Housing report predicts demand for transit-oriented, higher density development

By Thomas Grillo | Boston Business Journal | November 14, 2012

Greater Boston’s housing market will improve, but buyers and tenants may seek different types of housing, according to the Greater Boston Housing Report Card 2012 released Wednesday by the Boston Foundation.

The survey, by the Dukakis Center for Urban and Regional Policy at Northeastern University, estimates that the region’s developers may need to double or triple annual housing production to meet demand through 2020. But buyers are expected to seek smaller, more transit-oriented developments, as retirees seek to downsize and new buyers look for more affordable housing that suits their smaller households.

“Once again, in 2012, we see signs of recovery in the housing market along all of the standard measures we have tracked — rising home sales, low vacancy rates, recovering prices, high rents, growth in permits and a decline in foreclosures should set the stage for growth,” said Barry Bluestone, the study’s author in a statement. “Whether this is leading to a return to the normal patterns that have prevailed in past decades or whether it signals a major transformation of the Greater Boston housing market is the big question this time around.”

Under one scenario, the total number of new households in Metro Boston is expected to increase by 120,000 between 2010 and 2020, the survey said. With vacancy rates at historically low levels, that scenario estimates that the region will need to produce at least 12,000 new units of housing each year to accommodate growth. From 2005 to 2011, annual housing production has run at half that amount – an average of 6,000 units.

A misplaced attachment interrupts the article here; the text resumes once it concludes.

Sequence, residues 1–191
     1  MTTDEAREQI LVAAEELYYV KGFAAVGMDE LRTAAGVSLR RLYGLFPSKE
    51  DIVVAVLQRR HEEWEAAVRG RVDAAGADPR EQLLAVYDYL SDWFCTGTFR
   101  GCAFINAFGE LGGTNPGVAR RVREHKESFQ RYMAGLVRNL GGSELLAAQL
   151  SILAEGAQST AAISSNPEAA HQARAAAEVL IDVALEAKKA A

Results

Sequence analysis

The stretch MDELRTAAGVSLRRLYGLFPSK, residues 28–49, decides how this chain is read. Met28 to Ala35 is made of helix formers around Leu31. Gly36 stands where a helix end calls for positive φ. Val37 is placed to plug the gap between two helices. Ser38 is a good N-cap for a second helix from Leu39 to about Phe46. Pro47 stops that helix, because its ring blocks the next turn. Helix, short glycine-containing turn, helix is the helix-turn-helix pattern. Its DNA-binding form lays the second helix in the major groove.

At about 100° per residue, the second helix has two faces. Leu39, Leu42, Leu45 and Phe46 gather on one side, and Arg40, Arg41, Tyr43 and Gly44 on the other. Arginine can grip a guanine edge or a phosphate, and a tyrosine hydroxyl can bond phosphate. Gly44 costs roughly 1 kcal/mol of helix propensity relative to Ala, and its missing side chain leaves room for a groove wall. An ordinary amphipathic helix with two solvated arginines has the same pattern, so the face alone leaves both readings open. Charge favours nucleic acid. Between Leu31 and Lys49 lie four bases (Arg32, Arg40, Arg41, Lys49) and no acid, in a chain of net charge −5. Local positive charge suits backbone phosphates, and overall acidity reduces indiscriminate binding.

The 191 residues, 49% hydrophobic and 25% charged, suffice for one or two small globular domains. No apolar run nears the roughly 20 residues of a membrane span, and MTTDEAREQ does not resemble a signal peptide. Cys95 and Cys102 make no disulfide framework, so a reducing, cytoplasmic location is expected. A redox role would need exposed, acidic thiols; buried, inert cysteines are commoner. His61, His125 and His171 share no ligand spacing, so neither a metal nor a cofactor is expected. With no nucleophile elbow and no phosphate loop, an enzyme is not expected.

Under a second scenario, the difference is more striking. In a region with continued labor and employment growth, the region would need another 191,000 units by 2020, more than triple the recent rate of output, the report said. The mix of housing in this scenario shifts as well, to one favoring the construction of more multi-family housing units.

In both scenarios, half or more of the new housing units projected for the region would not be single-family homes – but multifamily housing. In current trends, 48 percent of new households would opt for housing in multi-unit condominium or apartment complexes. That rises to 53 percent in the more robust growth scenario.

The Boston Foundation report comes as the Patrick administration has set a goal of creating 10,000 new multi-family units annually. On Tuesday, Gov. Deval Patrick detailed the new Compact Neighborhoods program, designed to encourage and create well-planned housing that fulfills the demand for homes near jobs and transit.

The initiative promises to complement smart-growth programs by providing incentives to encourage residential development near the MBTA and town centers. The program will recognize communities planning for economic and housing growth, and will offer Chapter 40B relief and priority consideration in discretionary funding programs, such as the MassWorks Infrastructure Program, the governor said.

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